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Lesson Plans


Creativity VS (suggestion for K-5)

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Brian Foster (fozzie)
Sun, 16 Feb 1997 09:47:52 -0500

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TO Diane &ALL: (Elem. oriented + art ed. profs)
I am one of those people who has stopped putting my 2 cents worth into every
discussion that pops up. After self analysis I found it to be an ego
problem. Therefore
this post is pure MEAT.
This is my first year teaching the lower grades (art on a cart K-5) and I
have attempted
to preprogram my students observation, problem solving, and creative
thinking skills. I
am hoping to eliminate some of the problems I encountered in ten years of
middle and
high school art teaching.
I made up a warm up exercise that requires no materials, just a good
story and bunches
of <teacher> enthusiasm. It all begins here........

OK guys time to put on the ol' 'magination caps.. ME an'
.......(random name of
student(s) in class) were coming back from a hard day of........(fishing,
hunting, antique
shopping, fighting the British....whatever is appropriate with the
time<link>) and we
stopped to rest in a small meadow. There were lots of clouds zooming by and
(Sara)
pointed to one and exclaimed look! A hippelopotttumus! I snap back, " that's
a towtruck
you ginker!". We have a loud exchange (me and myself) extolling the merits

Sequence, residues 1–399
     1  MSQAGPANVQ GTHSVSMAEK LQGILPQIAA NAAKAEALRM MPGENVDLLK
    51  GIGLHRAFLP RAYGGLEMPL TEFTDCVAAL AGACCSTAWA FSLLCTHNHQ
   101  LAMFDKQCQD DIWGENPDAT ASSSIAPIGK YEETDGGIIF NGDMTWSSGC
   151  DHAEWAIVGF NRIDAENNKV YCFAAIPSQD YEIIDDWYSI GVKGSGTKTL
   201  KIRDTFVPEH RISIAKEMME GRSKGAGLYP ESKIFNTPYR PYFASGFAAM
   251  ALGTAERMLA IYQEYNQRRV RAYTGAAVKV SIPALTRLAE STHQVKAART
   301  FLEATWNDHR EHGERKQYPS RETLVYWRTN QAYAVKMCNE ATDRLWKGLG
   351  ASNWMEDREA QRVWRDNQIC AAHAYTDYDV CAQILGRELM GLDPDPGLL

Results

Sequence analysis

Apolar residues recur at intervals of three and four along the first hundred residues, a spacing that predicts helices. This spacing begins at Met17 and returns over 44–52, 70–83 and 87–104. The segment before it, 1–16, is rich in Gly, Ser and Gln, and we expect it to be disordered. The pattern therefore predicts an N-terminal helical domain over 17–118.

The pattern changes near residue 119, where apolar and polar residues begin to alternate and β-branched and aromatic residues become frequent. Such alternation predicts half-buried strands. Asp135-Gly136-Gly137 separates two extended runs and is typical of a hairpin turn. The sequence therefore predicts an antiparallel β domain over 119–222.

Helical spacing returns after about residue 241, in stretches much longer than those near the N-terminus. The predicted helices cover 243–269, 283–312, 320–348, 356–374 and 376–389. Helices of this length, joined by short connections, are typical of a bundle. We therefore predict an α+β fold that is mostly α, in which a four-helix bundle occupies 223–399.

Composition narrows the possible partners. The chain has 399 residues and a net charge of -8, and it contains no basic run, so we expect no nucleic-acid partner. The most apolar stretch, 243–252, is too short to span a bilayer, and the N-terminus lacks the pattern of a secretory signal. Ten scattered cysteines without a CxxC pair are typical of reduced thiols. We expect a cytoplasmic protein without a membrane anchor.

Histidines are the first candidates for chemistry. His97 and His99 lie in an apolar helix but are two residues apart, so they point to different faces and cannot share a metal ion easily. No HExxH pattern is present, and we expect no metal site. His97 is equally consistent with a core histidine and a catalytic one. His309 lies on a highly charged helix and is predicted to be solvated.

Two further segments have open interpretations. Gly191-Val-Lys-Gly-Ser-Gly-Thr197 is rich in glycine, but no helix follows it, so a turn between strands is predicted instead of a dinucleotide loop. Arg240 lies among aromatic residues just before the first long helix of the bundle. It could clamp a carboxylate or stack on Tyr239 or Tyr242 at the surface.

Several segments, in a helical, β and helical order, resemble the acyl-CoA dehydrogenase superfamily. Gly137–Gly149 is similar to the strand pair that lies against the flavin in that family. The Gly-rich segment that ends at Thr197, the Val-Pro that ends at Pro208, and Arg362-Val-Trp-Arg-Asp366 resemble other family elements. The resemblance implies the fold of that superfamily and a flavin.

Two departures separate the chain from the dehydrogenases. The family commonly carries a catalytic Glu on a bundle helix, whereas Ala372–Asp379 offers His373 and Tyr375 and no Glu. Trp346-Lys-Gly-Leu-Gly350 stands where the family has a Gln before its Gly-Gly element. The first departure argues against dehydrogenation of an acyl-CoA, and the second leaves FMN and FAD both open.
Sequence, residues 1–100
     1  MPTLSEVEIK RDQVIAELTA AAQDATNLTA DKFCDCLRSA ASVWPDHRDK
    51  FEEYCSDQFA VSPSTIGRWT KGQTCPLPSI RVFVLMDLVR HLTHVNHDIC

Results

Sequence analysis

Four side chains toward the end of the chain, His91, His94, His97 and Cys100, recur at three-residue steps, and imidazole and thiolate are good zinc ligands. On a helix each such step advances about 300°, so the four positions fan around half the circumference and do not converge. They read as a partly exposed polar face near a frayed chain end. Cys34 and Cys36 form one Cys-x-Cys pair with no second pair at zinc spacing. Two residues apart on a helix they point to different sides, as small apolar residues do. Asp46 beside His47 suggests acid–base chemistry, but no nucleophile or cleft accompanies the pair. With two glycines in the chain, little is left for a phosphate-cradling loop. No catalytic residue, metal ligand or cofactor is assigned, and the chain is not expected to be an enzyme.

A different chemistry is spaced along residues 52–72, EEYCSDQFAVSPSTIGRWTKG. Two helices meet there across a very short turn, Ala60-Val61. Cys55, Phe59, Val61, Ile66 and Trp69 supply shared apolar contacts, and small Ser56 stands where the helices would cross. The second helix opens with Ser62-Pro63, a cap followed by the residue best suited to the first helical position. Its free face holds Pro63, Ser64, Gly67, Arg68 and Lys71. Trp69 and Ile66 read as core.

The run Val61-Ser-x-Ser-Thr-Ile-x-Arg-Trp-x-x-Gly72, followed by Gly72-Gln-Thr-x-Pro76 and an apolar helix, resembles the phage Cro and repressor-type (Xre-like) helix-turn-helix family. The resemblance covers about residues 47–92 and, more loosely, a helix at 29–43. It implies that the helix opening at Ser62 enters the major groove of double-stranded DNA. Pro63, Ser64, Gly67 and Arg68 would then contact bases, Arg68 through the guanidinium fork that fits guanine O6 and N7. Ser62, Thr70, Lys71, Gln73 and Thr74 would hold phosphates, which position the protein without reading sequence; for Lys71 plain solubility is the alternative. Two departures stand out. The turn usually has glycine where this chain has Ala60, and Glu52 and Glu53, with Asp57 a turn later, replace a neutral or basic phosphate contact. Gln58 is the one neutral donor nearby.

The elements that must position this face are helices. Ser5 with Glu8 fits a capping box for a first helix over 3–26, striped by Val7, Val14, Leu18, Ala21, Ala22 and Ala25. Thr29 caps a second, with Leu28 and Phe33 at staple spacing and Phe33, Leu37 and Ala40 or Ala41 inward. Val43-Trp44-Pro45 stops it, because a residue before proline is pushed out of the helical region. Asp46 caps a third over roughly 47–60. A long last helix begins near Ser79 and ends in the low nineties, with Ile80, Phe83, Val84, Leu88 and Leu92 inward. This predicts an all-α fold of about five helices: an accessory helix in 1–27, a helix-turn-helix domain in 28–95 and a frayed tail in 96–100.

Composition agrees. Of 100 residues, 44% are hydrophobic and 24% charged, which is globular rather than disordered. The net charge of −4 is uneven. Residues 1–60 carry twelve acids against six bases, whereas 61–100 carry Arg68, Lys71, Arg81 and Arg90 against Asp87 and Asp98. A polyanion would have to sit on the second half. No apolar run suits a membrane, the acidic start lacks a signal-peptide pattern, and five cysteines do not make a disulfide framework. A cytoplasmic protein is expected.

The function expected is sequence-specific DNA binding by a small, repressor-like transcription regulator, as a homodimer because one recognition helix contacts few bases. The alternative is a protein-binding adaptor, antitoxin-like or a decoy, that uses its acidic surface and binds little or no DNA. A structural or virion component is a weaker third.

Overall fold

of our own
observations pointing out features which we have seen to lead to our
conclusions and
find that we both are right! (this story-part is a set up for the warm-up
and only has to be
done once in each class---they remember!)
This (especially in the lower grades) leads to a lively discussion of
things children
have seen in clouds...(careful you will have to reign this one in as the
"one uppers" get
carried away)
I then calm things down by putting on my "teacher face" and explain to
them that I am
going to put a shape on the board and ask them to use their
creativity-IMAGINATION to
"see" something. The shapes I draw are random and varied closed combined shape
(maybe a bumpy thing with quasi geometrics protruding in some areas and
intruding in
others) The first shape gets few or no responses and these are very
tentative. As each
student "sees" something, I add to the shape details "clues" until all the
students can "see"
it too. This might involve wheels on the "towtruck" or ears and eyes on the
"Hippo".
After this foot-wetting the concept mushrooms and you will find yourself
faced with a
sea of hands for each shape and ( with the bigger kids), some students come
to the board
and point out the elements for there observations (and I add clues)and some
even draw in
there own clues. After we have all "seen" the same as "Sara", I erase and
redraw the
same original shape again and call on "Joey" who has found something totally
different.
Do a new shape after three students.
This exercise takes up one class period but can be used afterward as a warm-up
anytime....."Put on your "maginatin caps....What do you see in this shape?"
You will still
get the sea of hands and in 5 minutes they are ready for any art lesson!<<It
sort of washes
the bla..bla..blas out of there minds.
Sorry about the length. Brian Foster
Art Specialist
West Iron Co. Schools
Stambaugh, Michigan
(Where the snow is deep and so is the.......)


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  • Reply: Diane C. Gregory, Ph.D.: "Re: Creativity VS (suggestion for K-5)"
  • Reply: Teresa Tipton: "Re: Creativity VS Imagination"